The flip side to that is a ride that’s smooth and cosseting with the standard 17-inch alloy wheels. Opt for the A-Spec or Special Edition packages, however, and you’ll find 18s wrapped in a thin layer of tire that allow too much road rumble to intrude and can react harshly to road imperfections.

Comfort & Quality
The 2018 Acura ILX’s roofline intrudes into the cabin, which could make it uncomfortable for taller occupants.

Extensive sound deadening and canceling measures help the 2018 Acura ILX deliver a more refined experience on the road than its econo-car roots might suggest, but that’s offset by tight head room, particularly for rear-seat passengers.

Front seat passengers are treated to fairly supportive buckets with decent bolstering. They’re wrapped in synthetic leather on base and Special Edition packages and real leather otherwise. ILXs with the A-Spec package swap out some leather for grippy synthetic suede. All ILXs have a standard power driver’s seat, while Premium and and Tech Plus packages add a four-way power passenger’s seat that’s unfortunately not height-adjustable. Head room is tight up front for passengers taller than 6-feet, a trade-off for the standard power moonroof.

The ILX’s rear seat is tighter yet, at least for taller riders. There’s decent leg room and the bench is wide enough for three in a pinch, but a mere 35.9 inches of head room means taller riders will be bowing their heads forward.

Pop the ILX’s trunk and you’ll find a hair over 12 cubic feet of space, which is average for a compact sedan.

In terms of materials, the ILX feels about right for its price. There’s nothing extravagant here, but you’ll have to look to find economy-grade plastics. The three-spoke, leather-wrapped steering wheel standard on all is particularly nice.

Acura includes on all ILXs effective noise-canceling technology that uses the audio system to erase bothersome road rumble.

The 2018 Acura ILX performs well in crash tests and advanced safety tech is available.

The 2018 Acura ILX has generally performed well in federal and independent crash-testing and it offers a wide range of advanced safety tech at a reasonable price. That’s enough to elevate this small car to an 8 out of 10 on our scale. 

All 2018 ILX sedans include six airbags, anti-lock brakes, stability control, and a rearview camera. AcuraWatch, the automaker’s name for its suite of safety tech that includes automatic emergency braking, active lane control, blind-spot monitors, and adaptive cruise control, is a reasonable $1,300 on the base ILX. Curiously, it’s not available with only the Premium package, but it is mandatory for the Technology Plus package.

Federal testers rate the ILX at five stars overall, albeit with four stars for frontal crash and rollover safety.

The IIHS says that Acura’s pint-size sedan rates mostly "Good" in all crash tests. The agency is less impressed with the ILX’s standard LED headlights, which aren’t curve-adaptive and provide a light pattern rated “Marginal.”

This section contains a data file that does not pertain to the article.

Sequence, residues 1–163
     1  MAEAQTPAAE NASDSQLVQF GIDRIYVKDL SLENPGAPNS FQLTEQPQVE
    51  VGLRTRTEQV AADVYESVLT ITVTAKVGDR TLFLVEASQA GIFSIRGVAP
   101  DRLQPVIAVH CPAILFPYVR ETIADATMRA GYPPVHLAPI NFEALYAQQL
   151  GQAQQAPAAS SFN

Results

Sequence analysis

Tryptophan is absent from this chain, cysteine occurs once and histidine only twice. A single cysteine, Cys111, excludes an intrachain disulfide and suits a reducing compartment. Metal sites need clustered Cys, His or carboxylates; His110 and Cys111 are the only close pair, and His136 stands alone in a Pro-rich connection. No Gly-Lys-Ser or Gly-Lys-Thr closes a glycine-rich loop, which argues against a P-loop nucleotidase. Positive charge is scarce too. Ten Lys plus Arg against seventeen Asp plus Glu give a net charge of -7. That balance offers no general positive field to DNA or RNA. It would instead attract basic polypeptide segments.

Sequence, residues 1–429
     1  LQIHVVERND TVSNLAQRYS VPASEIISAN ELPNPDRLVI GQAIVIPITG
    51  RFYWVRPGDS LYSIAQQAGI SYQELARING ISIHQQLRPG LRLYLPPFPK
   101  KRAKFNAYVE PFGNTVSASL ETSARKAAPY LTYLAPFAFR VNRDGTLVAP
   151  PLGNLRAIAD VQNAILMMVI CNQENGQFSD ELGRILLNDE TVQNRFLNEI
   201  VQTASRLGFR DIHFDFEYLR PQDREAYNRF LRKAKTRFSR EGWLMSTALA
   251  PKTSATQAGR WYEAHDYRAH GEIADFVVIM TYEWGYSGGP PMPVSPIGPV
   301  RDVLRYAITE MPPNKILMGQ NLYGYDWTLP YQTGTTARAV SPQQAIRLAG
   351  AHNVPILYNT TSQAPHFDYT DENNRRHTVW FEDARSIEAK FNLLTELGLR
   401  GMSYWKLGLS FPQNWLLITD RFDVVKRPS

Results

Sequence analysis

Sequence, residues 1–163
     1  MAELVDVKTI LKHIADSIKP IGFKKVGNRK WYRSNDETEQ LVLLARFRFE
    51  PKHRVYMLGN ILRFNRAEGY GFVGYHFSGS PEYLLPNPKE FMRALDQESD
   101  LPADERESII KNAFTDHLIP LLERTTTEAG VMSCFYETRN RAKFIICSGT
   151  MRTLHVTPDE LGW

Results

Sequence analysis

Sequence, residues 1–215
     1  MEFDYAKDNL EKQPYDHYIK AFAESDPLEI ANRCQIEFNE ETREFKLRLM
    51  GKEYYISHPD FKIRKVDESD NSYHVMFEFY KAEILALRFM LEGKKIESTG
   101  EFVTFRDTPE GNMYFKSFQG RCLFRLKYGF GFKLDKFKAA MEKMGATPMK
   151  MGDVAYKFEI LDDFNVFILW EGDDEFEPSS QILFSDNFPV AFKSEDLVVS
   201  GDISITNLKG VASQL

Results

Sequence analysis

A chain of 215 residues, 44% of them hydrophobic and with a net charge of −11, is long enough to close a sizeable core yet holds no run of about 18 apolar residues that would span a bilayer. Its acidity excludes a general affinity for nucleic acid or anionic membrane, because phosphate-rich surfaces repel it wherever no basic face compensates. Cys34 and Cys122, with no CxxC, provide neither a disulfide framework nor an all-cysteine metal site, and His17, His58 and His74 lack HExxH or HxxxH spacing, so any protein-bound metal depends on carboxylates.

The 2018 Acura ILX comes standard with many features, but even a loaded model feels far short of luxury grade.

The 2018 Acura ILX includes a fairly high level of standard equipment, but its infotainment system is outdated and bulky to use. We rate it at 5 out of 10 for its features.

Acura offers the ILX in seven basic configurations composed of a packages that generally build upon one another. It’s not a simple trim walk in that you can add one package to another, but the limited configurability should make it easy to find an ILX of your liking on a dealer’s lot.

The standard ILX includes power windows and locks, a power driver’s seat, a power moonroof, synthetic leather upholstery, 17-inch alloy wheels, Bluetooth, and a rearview camera.

Optional on the base ILX is the automaker’s AcuraWatch suite of safety gear for a reasonable $1,300: automatic emergency braking, active lane control, lane-departure warnings, adaptive cruise control, and blind-spot monitors.

Also optional on the base trim—but not available with AcuraWatch—is a new, $800 Special Edition package that adds 18-inch alloy wheels, a body kit, and a rear spoiler.

The ILX’s Premium Package adds leather upholstery, a four-way power passenger seat, a pair of infotainment screens—8.0-inches up top and 7.0-inches on the center of the dash—and a garage door opener.

Building on the Premium Package, the Tech Plus Package adds in the AcuraWatch goodies and baked-in navigation.

Optional with both the Premium and Tech Plus Packages is the brand’s A-Spec appearance group with 18-inch alloy wheels, a body kit, and a few other goodies.

Tick all the boxes and what was a $29,050 ILX balloons to $36,050.

The ILX’s infotainment system splits information between both screens. Although there’s some redundancy, the dual-screen setup works fairly well—even if it takes up a lot of dashboard real estate and lacks Apple CarPlay and Android Auto.

Fuel Economy
The 2018 Acura ILX uses little fuel, but it does require expensive premium gas.

The 2018 Acura ILX scores well for fuel efficiency thanks to a high-revving inline-4 that works well with its 8-speed dual-clutch transmission.

All versions of the 2018 ILX score the same on the EPA’s test: 25 mpg city, 35 highway, 29 combined. That’s enough for an 8 out of 10 on our scale.

Rivals like the Audi A3 and Mercedes-Benz CLA250 come with similar figures, although the Benz’s sleek shape helps it earn a 37 mpg highway rating.

Unfortunately, the ILX’s premium fuel requirement means that although gas station visits will be rare, they’ll be a little pricey.